A plot summary of Path of Daggers sounds exciting, and the news that the book features a significant military showdown between Rand and the Seanchan should be impressive. However, The Path of Daggers is beset by numerous problems that prevent it from being fully enjoyable. First off, the level of filler in this book is much worse than any previous volume. There are several chapters where characters are riding along arguing with one another, or discussing the plot, or making it clear how much they hate one another. These points are slammed home again and again by Robert Jordan for no clear purpose. The battles between Rand and the Seanchan are intriguing and the messy ending to the engagement is an important moment in the series, but it comes far too late in the book. Perrin's story proceeds at an absolute crawl and he barely has any screen-time in the book, whilst Mat has none. Jordan's point that Mat is recovering from his wounds and thus isn't doing anything interesting in the story at this moment is well-taken, but at the same time the ambiguity of Mat's fate in the prior volume was part of what made the book's ending powerful and interesting. It being completely ignored for four and a half years until Book 9 was annoying. However, re-reading the series now this isn't so much of a problem.

Up until The Path of Daggers, the structural and writing problems with the series could to some extent be ignored because the story was still compelling and the reader was encouraged to read on no matter what. However, at this point and through the next two books these problems start to actually interfere with the readability of the books. The pace slows to a crawl and events that would have been covered in a few chapters in previous books now span entire novels. For some reason Jordan ignored the basic writing maxim that as you build up to a series finale you have to increase the pace and intensity of events, and as a result the series becomes somewhat more difficult to read in-depth from this point on.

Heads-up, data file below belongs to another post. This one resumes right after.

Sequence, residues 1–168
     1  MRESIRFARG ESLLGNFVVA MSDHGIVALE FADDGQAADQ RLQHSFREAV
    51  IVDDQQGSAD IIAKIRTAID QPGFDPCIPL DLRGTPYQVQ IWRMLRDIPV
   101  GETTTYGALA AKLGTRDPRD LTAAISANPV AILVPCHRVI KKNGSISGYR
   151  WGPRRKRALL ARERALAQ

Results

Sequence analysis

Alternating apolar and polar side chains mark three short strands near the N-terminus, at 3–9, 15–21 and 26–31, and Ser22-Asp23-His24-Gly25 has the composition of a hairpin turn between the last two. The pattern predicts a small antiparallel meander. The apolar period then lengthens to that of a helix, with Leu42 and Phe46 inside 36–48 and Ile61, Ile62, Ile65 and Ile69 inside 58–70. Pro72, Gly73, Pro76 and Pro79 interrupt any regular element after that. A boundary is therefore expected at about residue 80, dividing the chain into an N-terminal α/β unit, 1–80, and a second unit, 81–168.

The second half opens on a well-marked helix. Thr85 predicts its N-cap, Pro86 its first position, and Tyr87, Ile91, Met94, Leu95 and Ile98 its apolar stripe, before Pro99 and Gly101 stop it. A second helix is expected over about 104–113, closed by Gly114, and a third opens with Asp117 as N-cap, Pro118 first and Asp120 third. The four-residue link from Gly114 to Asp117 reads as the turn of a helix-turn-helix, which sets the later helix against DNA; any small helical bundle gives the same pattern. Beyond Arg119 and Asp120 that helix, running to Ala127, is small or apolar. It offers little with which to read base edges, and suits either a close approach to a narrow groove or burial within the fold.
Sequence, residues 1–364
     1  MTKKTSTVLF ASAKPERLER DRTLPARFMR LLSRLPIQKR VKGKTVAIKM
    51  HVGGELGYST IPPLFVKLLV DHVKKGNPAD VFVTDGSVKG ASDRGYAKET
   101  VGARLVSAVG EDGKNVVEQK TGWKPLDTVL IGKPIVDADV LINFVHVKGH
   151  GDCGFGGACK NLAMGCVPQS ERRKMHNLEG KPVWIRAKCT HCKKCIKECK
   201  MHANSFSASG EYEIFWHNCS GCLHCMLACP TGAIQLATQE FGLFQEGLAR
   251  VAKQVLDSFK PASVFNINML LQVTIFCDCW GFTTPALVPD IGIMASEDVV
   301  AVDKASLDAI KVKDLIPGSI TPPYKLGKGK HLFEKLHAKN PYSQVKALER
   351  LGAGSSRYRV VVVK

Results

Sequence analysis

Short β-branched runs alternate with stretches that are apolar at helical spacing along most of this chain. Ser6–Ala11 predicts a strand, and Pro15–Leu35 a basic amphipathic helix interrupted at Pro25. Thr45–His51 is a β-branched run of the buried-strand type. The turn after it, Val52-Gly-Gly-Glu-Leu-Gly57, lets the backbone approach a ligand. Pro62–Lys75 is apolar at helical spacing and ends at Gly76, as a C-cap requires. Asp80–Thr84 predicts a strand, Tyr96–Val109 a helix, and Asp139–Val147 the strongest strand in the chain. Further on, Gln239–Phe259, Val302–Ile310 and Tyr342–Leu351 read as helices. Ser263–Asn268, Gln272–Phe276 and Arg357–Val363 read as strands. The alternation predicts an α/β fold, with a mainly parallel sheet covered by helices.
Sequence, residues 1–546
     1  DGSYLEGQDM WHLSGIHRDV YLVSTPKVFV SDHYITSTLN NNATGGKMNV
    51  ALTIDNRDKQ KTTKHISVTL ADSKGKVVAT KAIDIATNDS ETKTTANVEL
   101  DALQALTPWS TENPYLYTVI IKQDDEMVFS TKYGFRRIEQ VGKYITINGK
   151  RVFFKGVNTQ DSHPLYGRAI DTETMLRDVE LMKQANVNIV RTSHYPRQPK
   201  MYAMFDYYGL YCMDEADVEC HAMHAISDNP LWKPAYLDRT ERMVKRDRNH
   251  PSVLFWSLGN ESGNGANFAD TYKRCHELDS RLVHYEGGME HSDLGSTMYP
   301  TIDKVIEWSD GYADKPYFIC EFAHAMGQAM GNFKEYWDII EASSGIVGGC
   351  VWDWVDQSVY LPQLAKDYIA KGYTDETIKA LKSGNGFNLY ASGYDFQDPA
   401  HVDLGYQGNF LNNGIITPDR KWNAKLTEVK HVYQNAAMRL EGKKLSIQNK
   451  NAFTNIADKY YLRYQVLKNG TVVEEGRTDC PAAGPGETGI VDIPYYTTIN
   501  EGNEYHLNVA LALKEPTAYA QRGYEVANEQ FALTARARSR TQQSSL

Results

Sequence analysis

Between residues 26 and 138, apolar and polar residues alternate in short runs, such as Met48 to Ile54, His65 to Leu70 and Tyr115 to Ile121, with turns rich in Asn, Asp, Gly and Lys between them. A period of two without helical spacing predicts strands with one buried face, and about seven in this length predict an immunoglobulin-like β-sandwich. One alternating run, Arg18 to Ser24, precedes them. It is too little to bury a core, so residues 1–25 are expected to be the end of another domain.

The Path of Daggers (**½) doesn't suffer from quite so many problems as it did on first release, but it still represents a significant failure in both writing and editing that makes it a shadow of the book it could have been. The book is available in the UK from Orbit and in the USA from Tor.
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4 of 4 people found the following review helpful
2.0 out of 5 stars Bored...Zzzz., 17 May 2000
By A Customer
This review is from: The Path Of Daggers: Book 8 of the Wheel of Time: 8/12 (Mass Market Paperback)
This book was a big disappointment. Having being introduced into the series by a friend in Febuary 2000, I proceeded to read and purchase all of the WoT books in chronological order. I finished "A Crown of Swords" and went to the bookshop a week later to buy Book 8. After plodding my way through the uninspired plot I came up with several questions. Where's Mat? Why all the political business with Egwene...? Why o why the'folding of arms below breasts'? I thoroughly enjoyed the previous books but this was slow and almost put me off the WoT. Thankfully Book 9 should be out in a little while and Robert Jordan will have taken note of the negative reviews and described the action more graphically and reverted to his original skill and flair.
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1 of 1 people found the following review helpful
1.0 out of 5 stars Slower and slower the Wheel turns....., 9 Nov. 1998
By A Customer
This series started off so well- action, pace, adventure, it had it all! Now it looks as if the Wheel of Time will have turned full circle by the time the series ends! Path of Daggers continues the deteriation of this series from its excellent beginnings to the current below-boredom threshold. If only I'd never started reading the series and didn't want to get to the end (if there ever is one?).
A pity Rand doesn't even get into the story until half way through the book, and then achieves so little he may as well not even be in it.